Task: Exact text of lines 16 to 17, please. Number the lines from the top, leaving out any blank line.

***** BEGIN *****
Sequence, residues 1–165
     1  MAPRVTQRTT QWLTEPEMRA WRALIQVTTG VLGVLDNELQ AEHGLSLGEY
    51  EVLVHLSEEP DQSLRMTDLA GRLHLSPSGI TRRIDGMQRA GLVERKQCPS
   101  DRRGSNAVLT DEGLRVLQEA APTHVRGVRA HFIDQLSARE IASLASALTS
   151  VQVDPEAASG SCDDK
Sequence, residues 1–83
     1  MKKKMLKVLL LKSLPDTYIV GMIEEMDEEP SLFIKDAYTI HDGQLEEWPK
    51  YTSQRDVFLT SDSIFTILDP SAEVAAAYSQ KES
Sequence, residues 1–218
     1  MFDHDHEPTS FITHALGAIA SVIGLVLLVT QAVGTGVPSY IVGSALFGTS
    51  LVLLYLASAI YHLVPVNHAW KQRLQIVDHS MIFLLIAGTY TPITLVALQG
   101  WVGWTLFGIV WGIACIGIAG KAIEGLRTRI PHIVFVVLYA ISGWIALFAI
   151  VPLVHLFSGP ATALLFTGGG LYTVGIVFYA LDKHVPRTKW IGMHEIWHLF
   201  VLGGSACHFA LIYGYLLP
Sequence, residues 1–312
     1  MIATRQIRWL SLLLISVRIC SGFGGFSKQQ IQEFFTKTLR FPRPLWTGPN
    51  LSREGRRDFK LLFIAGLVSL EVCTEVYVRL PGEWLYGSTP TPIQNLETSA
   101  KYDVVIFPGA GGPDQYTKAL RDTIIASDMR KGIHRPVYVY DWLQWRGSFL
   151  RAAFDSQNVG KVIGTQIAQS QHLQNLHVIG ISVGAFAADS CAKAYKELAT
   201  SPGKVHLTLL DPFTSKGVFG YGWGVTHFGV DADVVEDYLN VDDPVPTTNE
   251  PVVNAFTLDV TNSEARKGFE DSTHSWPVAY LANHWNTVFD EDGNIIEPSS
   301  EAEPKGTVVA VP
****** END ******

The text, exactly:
     1  MIATRQIRWL SLLLISVRIC SGFGGFSKQQ IQEFFTKTLR FPRPLWTGPN
    51  LSREGRRDFK LLFIAGLVSL EVCTEVYVRL PGEWLYGSTP TPIQNLETSA